I don’t feel old, I feel young. But I am jaded, bitter and scared and I only see an economy and a political system that doesn’t want me.
So what now?

Dear Student Finance

Why do I have to fill in a full application form including my nationality and address for the 3 years prior to starting my course when I have already given you this information (hint I’m required to notify you if I change my nationality and the address I lived in 04-07 is still the one for those years)?
Why make me struggle through the piles of paperwork when I’m tired and stressed already?
Why do I have to sign a ‘loan declaration’ when I’m not applying for a loan just a payment for my mentor..? Are you going to hound me to pay back money that was supposed to be supporting me?
Why do I have to send all the paperwork through to the uni again when I (and they) are required to notify you if I drop out?
Why is it so damn difficult? Is this designed to just make me give up?
Yours sincerely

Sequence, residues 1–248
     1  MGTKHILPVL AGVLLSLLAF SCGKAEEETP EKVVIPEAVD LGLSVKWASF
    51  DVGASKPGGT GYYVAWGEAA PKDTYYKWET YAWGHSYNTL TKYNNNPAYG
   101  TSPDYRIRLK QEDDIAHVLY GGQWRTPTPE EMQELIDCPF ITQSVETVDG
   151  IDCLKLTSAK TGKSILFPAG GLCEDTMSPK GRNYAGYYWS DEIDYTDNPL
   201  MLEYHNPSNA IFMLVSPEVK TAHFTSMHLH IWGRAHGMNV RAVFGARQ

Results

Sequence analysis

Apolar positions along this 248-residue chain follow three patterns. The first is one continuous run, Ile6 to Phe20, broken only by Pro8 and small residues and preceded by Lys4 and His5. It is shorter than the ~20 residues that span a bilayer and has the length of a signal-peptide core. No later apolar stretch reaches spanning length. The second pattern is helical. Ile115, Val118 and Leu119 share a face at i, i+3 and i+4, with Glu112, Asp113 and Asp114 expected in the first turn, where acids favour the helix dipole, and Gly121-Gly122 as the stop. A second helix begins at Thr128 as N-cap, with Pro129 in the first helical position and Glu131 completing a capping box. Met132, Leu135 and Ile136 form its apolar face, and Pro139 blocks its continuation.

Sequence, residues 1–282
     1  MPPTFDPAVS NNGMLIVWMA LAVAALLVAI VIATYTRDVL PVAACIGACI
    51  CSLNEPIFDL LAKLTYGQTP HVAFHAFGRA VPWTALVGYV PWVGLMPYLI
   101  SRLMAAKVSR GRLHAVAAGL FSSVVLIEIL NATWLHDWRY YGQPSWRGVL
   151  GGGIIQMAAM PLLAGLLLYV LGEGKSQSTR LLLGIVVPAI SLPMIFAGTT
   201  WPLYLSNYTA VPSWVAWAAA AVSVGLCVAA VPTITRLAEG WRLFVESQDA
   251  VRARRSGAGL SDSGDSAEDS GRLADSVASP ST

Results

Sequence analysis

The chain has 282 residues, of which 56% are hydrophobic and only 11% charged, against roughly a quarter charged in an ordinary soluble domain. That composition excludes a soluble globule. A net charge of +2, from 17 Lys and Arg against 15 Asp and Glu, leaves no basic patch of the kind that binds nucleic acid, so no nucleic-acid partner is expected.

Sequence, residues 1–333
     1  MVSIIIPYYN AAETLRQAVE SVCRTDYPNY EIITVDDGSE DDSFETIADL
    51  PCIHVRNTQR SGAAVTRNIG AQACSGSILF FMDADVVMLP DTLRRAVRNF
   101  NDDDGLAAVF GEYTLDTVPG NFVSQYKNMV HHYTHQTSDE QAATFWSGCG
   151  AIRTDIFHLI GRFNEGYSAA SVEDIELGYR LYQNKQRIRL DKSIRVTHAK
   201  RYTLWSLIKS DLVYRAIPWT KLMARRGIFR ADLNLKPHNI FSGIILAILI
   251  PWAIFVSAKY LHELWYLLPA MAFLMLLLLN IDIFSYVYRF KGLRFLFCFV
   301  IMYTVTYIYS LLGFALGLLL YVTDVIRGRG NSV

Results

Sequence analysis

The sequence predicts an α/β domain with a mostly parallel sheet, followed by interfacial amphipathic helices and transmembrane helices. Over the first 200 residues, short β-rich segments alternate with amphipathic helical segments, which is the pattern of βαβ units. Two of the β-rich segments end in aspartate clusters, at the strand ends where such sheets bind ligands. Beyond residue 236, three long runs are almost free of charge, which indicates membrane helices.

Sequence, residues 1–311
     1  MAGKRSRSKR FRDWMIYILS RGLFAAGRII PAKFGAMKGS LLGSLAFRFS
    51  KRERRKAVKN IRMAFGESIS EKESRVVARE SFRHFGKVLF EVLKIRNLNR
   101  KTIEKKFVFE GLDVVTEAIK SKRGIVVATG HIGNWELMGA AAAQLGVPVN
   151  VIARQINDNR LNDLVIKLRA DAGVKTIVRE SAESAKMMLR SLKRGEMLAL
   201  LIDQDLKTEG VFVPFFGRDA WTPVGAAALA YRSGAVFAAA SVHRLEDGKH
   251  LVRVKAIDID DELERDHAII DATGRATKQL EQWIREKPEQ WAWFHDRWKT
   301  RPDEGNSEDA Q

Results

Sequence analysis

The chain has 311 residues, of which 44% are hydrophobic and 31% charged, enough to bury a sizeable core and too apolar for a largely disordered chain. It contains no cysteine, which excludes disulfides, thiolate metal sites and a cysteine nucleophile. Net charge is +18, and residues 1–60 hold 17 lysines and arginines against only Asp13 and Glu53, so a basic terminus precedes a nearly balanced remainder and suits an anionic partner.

A tearful, anxious, stressed and confused student

DSA worries

It turns out that I should have re-applied for my disabled student allowance at the beginning of the academic year. Apparently you have to fill in their forms every year but no one told me.

So although I failed to keep any of my receipts and am too embarassed to ask for any extra assistance, because my university provided me with a mentor I have had to fill in a new application – though this only became apparent when they applied to the govt for their reimbursement and was the 1st I knew about it.
According to my disability support liasion I don’t need to have new Dr’s evidence, which came as both a relief and a surprise. A relief because a certifying letter from the Dr is expensive and time-consuming (approx £30 and 2 weeks – despite being attached to a uni the health centre even charge for letters for extenuating circs at their own uni!!!) and a surprise because of the current government’s attitude to disability (i.e. prove it umpteen times and we still probably dont think you deserve DLA, ATOS I’m looking at you!).

I’m worried.